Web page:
The main problem most people have with OO is unexpected behavior. Since you are usually not staring at all the relevant code at once, it can be easy to misjudge the end result. For instance, the XPakII had a mutator which added a SlipSuit instead of a Translocator. When activated, it would increase the player's jumping and running. Unless, of course, you use the Sprint mutator from XPak. This mutator changes your speed based on the player's adrenaline. The way Sprint works overrides the way the SlipSuit works - making the running code in it useless while Sprint is running. There's no way to realize this without looking at the code for both mutators, or of course - in testing.

That is what Unreal modders are in store for. The UT2003 codebase has a lot of fun technology to it, but expect to spend a lot of time learning this hierarchy that you are to be expanding from drifting through the code and the inevitable unexpected behavior. If this hasn't scared you off, then the rest of the UnrealScript Lessons might be for you.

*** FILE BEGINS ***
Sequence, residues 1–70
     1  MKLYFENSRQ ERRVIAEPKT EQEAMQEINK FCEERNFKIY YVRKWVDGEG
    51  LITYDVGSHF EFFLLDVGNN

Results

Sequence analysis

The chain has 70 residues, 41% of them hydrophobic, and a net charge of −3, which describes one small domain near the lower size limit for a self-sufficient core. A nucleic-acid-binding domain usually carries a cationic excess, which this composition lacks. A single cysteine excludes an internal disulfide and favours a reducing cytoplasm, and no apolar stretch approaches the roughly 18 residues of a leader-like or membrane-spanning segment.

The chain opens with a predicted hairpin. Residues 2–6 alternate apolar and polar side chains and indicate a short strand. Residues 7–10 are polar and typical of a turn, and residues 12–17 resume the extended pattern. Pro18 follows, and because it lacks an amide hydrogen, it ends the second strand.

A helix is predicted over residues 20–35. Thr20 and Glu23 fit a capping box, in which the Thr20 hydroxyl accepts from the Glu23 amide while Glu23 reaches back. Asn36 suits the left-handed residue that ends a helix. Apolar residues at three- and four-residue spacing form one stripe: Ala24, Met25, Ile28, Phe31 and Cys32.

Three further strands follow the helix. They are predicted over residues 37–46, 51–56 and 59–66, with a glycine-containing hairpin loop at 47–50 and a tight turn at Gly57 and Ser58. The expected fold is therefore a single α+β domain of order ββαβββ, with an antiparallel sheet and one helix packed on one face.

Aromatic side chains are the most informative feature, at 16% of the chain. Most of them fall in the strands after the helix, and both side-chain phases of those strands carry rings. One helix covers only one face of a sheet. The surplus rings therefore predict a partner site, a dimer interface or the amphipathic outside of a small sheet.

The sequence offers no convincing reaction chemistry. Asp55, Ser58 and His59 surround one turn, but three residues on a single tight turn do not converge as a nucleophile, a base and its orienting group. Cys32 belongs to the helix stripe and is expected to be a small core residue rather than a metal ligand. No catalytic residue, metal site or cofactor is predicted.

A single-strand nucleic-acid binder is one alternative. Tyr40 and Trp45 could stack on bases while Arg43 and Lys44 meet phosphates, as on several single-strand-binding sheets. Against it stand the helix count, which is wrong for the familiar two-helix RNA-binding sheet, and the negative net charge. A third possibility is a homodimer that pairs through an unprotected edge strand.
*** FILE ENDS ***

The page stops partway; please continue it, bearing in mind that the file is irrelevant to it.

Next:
This tutorial was originally part of RegularX's UTutes series.

Related Topics[edit]

Comments[edit]

Tarquin: this is a fab page, and I'd like to give it more prominence. Any ideas for a more descriptive name?

EntropicLqd: A Preface to Writing UnrealScript

Jeeptrash: Beans, Beans, The Magical Fruit0: The More You Eat The More UTut0

CH3Z: Hehe. Nice, Jeeptrash ;) Well, this is sure a nice read. A very good introduction to what OOP is as it applies to Uscript. I would say it is "How UnrealScript OOPs".

CH3Z: If it should be more of a "procedural" name that follows the nameing convention for tutorials then maybe "Understanding UnrealSript as OOP"? Gets long though. Maybe we can get Britney Spears to sing us a song about it. "OOPs UScript It Again" =P